VI ON THE BORDER TERRITORY BETWEEN THE ANIMAL AND THE VEGETABLE KINGDOMS In the whole history of science there is nothing more remarkable than the rapidity of the growth of biological knowledge within the last half- century, and the extent of the modification which has thereby been effected in some of the fundamental conceptions of the naturalist.
Still more unfortunate is it for the animists that evidence points to the fact that advance in civilization often means the decay of monotheism, and that the ruder races are the purer in their religious and ethical conceptions.
And have you never cried in your hearts with longing, almost with impatience, Surely, surely, there is an ideal Holy One somewhere, or else how could have arisen in my mind the conception, however faint, of an ideal holiness?
In any case, Mr. Trevelyan's indiscretion affords overwhelming proof that he had an utterly false conception of Germany.
Now this may seem an extremely abstract conception and one with which we have no practical concern.
I cannot hope that I have succeeded in conveying to readers of this volume an adequate conception of the great and marvellously successful performance that it was or a full appreciation of what immense difficulties the staff had to contend with.
Where, outside of the Church, will you find the ideal conception of marriage, and the really united and happy home?
The oddities of "English as she is spoke" might be abundantly paralleled by those of "Science as she is misunderstood" in the sermon, the novel, and the leading article; and a collection of the grotesque travesties of scientific conceptions, in the shape of essays on such trifles as "the Nature of Life" and the "Origin of All Things," which reach me, from time to time, might well be bound up with them.
Now, the first sense suggested to us in these days by the word "progress," is material progressall that came in with steam; and this narrow conception vitiates much of our reasoning.
A man who has not been taught to swim may rationally be excused for preferring to sit upon the bank; and should he elect to ornament his idleness with protestations that he is self-evidently an excellent swimmer, because once upon a time his progenitors were the only people in the world who had the slightest conception of how to perform a natatorial masterpiece, the thing is simply human nature.
Of these subjects I quote a few of the more remarkable, but even from them my reader can have little conception of the variety in the book: A Hymn whilst we are washing; In a clear starry Night; A Hymn for a House-warming; After a great Frost or Snow; For one whose Beauty is much praised; For one upbraided with Deformity; For a Widower or a Widow delivered from a troublesome Yokefellow; For a Cripple; For a Jailor; For a Poet.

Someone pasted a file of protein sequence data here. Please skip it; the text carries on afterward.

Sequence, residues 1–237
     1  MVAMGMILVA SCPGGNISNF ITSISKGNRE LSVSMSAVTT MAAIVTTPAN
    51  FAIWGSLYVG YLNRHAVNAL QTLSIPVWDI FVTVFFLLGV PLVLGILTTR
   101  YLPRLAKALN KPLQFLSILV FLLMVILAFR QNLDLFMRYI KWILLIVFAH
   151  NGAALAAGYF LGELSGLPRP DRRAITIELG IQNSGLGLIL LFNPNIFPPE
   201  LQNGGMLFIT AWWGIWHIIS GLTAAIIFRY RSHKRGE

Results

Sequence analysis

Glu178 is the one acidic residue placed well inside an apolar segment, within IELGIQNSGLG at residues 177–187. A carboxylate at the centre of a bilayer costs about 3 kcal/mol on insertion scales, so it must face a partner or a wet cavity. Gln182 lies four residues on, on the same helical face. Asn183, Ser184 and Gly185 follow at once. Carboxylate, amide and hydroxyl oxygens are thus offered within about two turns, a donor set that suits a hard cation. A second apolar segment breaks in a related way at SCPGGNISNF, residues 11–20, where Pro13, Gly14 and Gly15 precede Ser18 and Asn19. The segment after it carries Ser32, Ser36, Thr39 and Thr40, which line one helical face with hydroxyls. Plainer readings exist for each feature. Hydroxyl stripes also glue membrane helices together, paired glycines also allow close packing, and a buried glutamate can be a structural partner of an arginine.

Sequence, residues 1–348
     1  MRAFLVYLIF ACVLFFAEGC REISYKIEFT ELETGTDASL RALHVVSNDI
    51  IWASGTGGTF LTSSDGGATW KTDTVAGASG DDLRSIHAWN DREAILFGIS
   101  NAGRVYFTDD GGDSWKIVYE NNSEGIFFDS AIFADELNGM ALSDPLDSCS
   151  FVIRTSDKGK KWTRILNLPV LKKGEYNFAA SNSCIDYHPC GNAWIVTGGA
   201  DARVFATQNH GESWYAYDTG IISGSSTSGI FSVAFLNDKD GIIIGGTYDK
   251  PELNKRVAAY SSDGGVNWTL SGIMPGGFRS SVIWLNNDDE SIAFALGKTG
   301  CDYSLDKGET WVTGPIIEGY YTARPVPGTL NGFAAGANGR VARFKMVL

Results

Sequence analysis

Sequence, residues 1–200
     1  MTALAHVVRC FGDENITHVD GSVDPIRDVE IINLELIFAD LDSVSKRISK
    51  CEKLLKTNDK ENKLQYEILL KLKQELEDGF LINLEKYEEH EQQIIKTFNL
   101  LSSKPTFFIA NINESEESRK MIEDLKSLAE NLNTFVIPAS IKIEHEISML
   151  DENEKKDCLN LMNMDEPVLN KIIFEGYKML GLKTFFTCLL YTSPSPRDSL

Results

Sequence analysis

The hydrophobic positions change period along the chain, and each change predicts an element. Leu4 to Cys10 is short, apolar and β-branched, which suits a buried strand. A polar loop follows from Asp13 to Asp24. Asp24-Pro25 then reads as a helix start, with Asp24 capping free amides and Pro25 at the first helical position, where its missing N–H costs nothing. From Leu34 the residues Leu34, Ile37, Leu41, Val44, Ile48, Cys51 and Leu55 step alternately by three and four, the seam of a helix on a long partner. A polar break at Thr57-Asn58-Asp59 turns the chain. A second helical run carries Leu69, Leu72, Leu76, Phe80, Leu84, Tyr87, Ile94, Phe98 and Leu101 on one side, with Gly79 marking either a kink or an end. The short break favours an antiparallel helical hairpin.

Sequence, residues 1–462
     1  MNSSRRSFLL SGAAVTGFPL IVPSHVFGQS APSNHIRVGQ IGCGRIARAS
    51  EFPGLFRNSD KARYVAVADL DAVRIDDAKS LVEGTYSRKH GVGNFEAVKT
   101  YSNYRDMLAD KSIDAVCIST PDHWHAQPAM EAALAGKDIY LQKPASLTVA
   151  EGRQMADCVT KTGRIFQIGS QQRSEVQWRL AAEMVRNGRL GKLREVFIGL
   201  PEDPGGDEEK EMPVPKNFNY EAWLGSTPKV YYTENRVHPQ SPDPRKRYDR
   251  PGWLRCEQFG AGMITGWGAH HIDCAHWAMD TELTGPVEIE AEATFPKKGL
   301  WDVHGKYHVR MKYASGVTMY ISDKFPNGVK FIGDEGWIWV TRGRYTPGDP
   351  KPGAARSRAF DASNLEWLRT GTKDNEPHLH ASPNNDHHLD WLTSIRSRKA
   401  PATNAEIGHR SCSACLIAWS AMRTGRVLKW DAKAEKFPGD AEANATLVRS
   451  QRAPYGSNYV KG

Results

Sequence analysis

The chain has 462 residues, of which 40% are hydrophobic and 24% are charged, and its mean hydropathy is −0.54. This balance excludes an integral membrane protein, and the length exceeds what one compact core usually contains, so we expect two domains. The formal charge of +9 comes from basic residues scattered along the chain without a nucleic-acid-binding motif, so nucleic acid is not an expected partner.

And this seems true, also, of some of our fundamental spiritual instincts; for example, that craving of the mind for an unified experience, which is at the root of all mental activity, and whose object is ever approached yet never attained; or, again, there is the social and political instinct, which has not yet formed a distinct and satisfying conception of what it would be at.
The capitalized Dream might appear to be one of those impersonated Dreams to whom these stanzas relate: but in the present line the word 'dream' would be more naturally construed as meaning simply 'thought, mental conception.' 1. 7.
As the audience sit spell-bound (no extra charge for reserved seats) before one grand conception of the artist's pencil,lost in admirationanother glides noiselessly into view; the eye is gratified, the brain is refreshed, the digestion stimulated, and we all breathe easier.
His supremacy is in the mighty soaring of his intellectual conceptions.
His own lofty conceptions of the dignity of human nature are sufficient for himself: "'While reason guides me, I shall walk aright, Nor need a steadier hand, or stronger light; Nor this in dread of awful threats, design'd For the weak spirit and the grov'ling mind; But that, engaged by thoughts and views sublime, I wage free war with grossness and with crime.'
The Disraeli policy in the Near East must give place once and for all to the broader conceptions of Gladstone, tempered by the cautious statesmanship of Salisbury.
We may form a vivid conception of the condition of Rome after this battle, by comparing it with that of Moscow before the conflagration: the people were convinced that a long defence was impossible, since there was probably a want of provisions.
It gave them the sublime conception of citizenship as the basis of human relationship.
But not until his heart is imbued with a spiritual conception of honesty, as the law of God, will he steal a stray horse no more.
It seems almost impossible that conscious intelligent beings could behave thus, but the fact that they do, helps us to believe other strange truths recorded in history, without which, no correct conception of man's former depraved condition can be formed at this advanced day.
Superstition might have helped her to some definite conceptions, but superstition did not exist in her time.
And so between the scientific hypothesis of the one and the philosophical conception of the other no contrariety remains.
So far we have only shown that such a conclusion results from a clearer insight into the theistic conception.
We actors are mere details of an artistic conception.